Should You Carry Flares When Paddling?
This question often comes up, do you need to carry flares with you, especially with many paddlers now carrying cell phones, VHF radios, PLB’s and satellite messengers? In fact, the Transport Canada Small Boating Regulations don’t require you to carry any kind of visual signaling device unless you are in a boat over 6m in length, (many double kayaks), and only when they are more than 1 nautical mile offshore.
Also, according to Transport Canada, the recreational boating community and enforcement agencies have expressed concern over the difficulty of dealing with expired flares and the environmental impact resulting from their disposal. They have also found that the lack of flares has not been identified as a primary contributing factor in boating fatalities in recent years and as such Transport Canada is proposing an option to reduce the number of mandatory flares for larger vessels. Of course none of this really impacts individual paddlers in boats under 6m who aren’t required to carry them anyways.
So, back to the original question, as a paddler, should you or shouldn’t you carry flares.
Reasons Why You Should Carry Flares
First of all, you need to understand that capsized paddlers in the water are very difficult for rescuers to see. Hanging onto your capsized boat can help, but in rough conditions with your very low position in the water, it is still very difficult.
Secondly, if you are using a cell phone (hopefully in a tested, fully waterproof container in which you can still operate the phone) or a standard VHF radio, you will be able to alert the authorities as to your predicament but they still have to find you. This is where communication devices like PLB’s (Personal Locator Beacons), DSC (Digital Selective Calling) VHF Radios and Satellite messengers are superior. They have a GPS function giving rescuers your exact location. This assumes of course that the device is on you. Flares can aid rescuers visually by identifying approximately area where you are and this can dramatically reduce the search area and rescue time. For more information on Electronic Communication Devices check out our blog post, by clicking the link.
Thirdly, the waters around Victoria are very cold. (See our Safety Guidelines Post). Your survival times are not very long so the quicker you are rescued the better. If firing off a flare gets those rescuers to you a little faster, so much the better.
Limitations of Flares
Small rocket aerial flares only rise 100-150m (300- 500 ft) and only burn around 5-7 seconds so they can be easily missed, especially if you are paddling in remote locations. A parachute flare rises 300m (1000 ft) and burns for around 40 seconds so there is a better chance of someone seeing it so may be better for more remote regions.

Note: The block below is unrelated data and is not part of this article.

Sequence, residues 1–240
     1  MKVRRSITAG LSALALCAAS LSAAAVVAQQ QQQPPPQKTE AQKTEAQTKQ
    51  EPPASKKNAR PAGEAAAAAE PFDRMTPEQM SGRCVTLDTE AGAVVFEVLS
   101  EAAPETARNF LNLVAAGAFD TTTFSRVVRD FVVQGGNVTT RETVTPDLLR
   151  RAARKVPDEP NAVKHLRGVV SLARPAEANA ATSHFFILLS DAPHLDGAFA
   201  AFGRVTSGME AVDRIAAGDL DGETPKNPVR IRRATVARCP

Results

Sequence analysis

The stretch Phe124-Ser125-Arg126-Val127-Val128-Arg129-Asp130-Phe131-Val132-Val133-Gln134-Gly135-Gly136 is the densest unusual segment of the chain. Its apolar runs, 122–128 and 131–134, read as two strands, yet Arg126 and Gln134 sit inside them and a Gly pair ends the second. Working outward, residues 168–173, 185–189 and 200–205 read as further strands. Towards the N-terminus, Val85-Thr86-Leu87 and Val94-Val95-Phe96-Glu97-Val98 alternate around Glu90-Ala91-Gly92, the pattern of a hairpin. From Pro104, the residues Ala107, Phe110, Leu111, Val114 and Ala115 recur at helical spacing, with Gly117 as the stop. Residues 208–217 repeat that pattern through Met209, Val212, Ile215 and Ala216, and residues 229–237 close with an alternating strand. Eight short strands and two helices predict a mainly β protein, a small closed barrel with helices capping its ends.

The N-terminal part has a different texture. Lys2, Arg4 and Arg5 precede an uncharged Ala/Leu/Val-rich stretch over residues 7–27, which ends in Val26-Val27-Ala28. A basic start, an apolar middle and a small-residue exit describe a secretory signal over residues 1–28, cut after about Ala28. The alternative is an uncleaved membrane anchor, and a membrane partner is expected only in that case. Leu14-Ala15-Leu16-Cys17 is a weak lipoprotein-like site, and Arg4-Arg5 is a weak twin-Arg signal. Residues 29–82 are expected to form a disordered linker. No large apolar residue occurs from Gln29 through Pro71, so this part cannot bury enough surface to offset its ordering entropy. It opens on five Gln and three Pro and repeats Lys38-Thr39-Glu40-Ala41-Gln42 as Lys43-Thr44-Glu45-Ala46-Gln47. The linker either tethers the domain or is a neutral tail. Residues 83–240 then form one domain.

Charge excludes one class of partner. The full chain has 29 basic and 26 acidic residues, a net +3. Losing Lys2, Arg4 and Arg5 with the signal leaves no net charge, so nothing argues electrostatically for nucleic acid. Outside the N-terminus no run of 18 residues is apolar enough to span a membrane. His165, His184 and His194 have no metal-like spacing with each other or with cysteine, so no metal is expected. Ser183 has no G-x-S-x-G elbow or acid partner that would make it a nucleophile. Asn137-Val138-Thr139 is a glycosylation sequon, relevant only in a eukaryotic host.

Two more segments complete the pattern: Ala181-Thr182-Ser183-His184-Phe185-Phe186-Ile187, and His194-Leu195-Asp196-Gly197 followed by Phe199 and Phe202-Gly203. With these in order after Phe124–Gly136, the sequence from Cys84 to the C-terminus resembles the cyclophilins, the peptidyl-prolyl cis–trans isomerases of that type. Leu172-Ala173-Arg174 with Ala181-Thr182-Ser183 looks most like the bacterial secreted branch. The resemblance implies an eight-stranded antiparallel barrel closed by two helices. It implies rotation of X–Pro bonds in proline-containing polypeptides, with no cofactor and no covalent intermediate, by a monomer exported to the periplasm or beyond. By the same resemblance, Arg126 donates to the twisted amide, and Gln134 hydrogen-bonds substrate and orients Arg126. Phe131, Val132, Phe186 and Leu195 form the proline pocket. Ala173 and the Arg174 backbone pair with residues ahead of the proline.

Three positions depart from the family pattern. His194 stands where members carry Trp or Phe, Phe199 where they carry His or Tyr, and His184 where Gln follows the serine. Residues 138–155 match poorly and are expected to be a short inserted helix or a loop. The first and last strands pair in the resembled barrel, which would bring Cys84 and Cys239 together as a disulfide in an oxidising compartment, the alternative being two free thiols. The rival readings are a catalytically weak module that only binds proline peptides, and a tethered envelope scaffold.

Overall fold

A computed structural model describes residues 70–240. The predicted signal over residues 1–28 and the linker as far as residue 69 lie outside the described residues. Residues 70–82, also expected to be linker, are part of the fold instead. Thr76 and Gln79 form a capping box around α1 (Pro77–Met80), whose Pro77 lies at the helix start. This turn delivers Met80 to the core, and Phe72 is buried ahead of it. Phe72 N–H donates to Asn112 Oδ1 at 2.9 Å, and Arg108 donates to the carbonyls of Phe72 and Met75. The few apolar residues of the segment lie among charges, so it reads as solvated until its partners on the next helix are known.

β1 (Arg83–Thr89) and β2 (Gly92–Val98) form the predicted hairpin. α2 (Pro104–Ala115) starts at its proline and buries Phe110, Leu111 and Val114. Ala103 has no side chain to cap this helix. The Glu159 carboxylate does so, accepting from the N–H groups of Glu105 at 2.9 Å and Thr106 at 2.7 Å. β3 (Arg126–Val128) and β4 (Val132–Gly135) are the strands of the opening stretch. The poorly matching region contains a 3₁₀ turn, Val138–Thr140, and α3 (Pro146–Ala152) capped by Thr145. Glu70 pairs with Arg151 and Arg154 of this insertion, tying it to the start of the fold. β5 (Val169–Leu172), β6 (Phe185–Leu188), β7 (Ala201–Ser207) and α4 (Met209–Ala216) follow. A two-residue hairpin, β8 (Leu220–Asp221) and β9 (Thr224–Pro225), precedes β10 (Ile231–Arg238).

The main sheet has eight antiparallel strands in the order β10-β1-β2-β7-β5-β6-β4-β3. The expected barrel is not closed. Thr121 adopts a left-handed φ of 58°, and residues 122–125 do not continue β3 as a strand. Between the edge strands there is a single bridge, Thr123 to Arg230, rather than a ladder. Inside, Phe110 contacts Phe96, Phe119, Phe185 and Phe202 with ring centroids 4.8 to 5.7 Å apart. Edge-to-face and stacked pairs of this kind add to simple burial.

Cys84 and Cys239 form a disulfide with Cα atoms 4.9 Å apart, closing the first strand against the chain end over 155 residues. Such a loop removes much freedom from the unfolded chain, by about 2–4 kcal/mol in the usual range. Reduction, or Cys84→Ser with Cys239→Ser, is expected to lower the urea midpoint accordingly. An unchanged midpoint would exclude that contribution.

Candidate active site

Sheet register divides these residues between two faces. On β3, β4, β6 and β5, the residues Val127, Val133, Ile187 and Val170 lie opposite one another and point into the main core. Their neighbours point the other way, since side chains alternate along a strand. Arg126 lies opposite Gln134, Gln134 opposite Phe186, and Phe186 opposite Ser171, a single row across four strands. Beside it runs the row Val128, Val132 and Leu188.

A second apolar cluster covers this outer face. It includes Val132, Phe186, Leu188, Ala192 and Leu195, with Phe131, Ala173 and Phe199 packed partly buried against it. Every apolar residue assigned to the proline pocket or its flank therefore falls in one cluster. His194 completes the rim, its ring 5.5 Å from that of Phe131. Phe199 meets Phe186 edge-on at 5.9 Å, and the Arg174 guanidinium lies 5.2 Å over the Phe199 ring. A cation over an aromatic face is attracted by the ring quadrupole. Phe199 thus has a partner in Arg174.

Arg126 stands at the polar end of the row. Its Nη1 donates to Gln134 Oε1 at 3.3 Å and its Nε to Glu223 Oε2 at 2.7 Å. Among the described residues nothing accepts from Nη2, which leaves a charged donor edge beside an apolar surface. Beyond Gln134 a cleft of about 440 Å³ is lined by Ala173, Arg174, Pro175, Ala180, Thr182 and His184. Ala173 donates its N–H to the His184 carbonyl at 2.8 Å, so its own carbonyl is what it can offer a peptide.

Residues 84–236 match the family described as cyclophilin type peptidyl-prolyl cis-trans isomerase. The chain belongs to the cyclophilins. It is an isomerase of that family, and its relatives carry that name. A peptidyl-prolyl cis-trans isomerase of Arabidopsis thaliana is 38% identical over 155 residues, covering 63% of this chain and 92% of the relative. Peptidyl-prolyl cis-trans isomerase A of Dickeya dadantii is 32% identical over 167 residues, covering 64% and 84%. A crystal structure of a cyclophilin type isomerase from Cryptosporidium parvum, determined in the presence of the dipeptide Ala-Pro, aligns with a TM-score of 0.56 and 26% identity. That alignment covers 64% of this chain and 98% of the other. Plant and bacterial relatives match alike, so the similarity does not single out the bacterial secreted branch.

Even if someone sees a flare, they will know that someone is in distress within an approximate area, but they still have to find you, and while it gets rescuers closer, flares don’t completely solve the problem.
Types of Flares
The type of flare you will want to carry as a paddler is going to be determined by where and when you are paddling. If you are paddling within 3 nautical miles of shore or on inland waterways all you may need are the small marine rocket flares. If you are paddling further offshore or in remote regions you will want to consider parachute flares.
Small Rocket Flares
Small rocket flares can easily fit into a pocket on your PFD, (which is where they should be carried in case you get separated from your craft). This type of flare is completely self contained and is preferable to any type of device that requires loading, such as flare guns and flare pens, where cold fingers and nasty conditions make loading and firing them impractical.
Rocket flares still require 2 hands to fire them, so you should read the instructions on what is required before you actually need them, and think about, or better yet practice how you are going to hang onto your boat and fire off flares at the same time.
Flares of this type are good for daylight or night time use. They are obviously, far more visible at night and much less visible on a bright sunny day. Rocket flares typically only burn for 5- 7 seconds and rising to 100- 150 m (300-500 ft). Because of their short duration, they can be easily missed.